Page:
The left and Bernie Sanders have been pushing for Medicare-For-All since 2016. Since that time, the movement has grown, ripples becoming waves, eventually turning to a tide. The public has long supported public health care, by huge margins. The most prominent opponents of single payer are the bought folks in Washington.
In the wake of widespread public pressure, single payer has caught on: even deadset careerists (Kamala Harris, Cory Booker) and ancient hustlers (Max Baucus, who sold out single-payer under Obama) have come around. You can tell Medicare for All really might happen: the usual chorus of lobbyists and right-wingers have started to scream. It’s bad for their business, you see, that single payer healthcare might arrive in this country. You can tell: they trot out the same excuses whenever somebody proposes saving millions and millions of human beings.
The most prevalent (and the dumbest) objection comes from the centrists and conservatives. It is summed up by Chen and Weinberg’s “think”-piece in the Times: “The Sanders Single-Payer Plan Is No Miracle Cure.” Chen is a reliable backer of the one-percent’s economic interests (from the Hoover Institution), and Weinberg presides over the Economic Institute at the Bay Area Council, a discussion group led by CEOs. Both of them are long-time advocates for billionaires, so their advice can be safely thrown into the same Bay that Weinberg’s employers named themselves for. This objection doesn’t just belong to the conservatives: last year, Hillary Clinton famously said single-payer health care would “never, ever” happen. Her supporters both on and offline have compared the idea of everybody getting medical care to a pony, which shows you their moral seriousness.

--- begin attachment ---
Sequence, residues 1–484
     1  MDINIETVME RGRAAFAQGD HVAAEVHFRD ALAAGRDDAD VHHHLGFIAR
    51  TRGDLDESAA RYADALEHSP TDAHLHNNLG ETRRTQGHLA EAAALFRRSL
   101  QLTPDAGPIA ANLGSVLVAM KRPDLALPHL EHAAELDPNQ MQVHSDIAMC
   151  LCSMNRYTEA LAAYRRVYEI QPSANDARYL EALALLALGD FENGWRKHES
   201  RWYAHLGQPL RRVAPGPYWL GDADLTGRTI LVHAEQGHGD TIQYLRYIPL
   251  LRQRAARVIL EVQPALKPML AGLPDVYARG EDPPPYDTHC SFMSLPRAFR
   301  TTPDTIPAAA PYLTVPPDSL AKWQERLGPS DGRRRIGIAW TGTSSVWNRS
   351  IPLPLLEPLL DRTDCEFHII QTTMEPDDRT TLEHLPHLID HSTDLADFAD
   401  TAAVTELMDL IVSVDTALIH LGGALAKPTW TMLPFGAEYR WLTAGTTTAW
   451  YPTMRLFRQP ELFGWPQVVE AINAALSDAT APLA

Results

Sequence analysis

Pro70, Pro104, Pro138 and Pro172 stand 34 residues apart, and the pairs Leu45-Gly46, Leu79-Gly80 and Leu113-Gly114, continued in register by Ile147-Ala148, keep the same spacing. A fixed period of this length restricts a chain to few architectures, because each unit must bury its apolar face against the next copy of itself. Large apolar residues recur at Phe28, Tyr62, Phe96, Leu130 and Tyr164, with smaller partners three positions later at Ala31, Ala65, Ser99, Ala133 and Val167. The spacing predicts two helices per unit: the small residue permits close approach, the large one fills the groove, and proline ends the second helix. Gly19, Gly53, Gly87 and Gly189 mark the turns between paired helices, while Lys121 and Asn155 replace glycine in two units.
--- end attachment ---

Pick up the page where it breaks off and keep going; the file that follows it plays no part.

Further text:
The “pony argument” is so slack-jawed and cynical that it ought to be laughed into oblivion. The dilemma facing us is not “our current beautiful system” versus “an impossible system.” It is between a system that does not work—that literally kills poor people—versus … oh, wait, let me check—yes, that’s correct—an actual, real system that exists IN PRACTICALLY EVERY OTHER DEVELOPED COUNTRY IN THE WORLD.
If I’m footloose with the caps, I’m not sorry. Sometimes, all-caps are called for. This needs to be shouted from the rooftops: Single payer universal healthcare is not a wild-ass fantasy. It has been tried, successfully, in other countries. We have documented, exhaustive proof that universal health care works where it has been dared. Let me repeat that, as many times as necessary, until the rest of America can repeat it in their sleep:
Single-payer healthcare works.
We have proof it can exist. Because it does exist.
We have proof it can be passed. Because it has been made the law in other lands.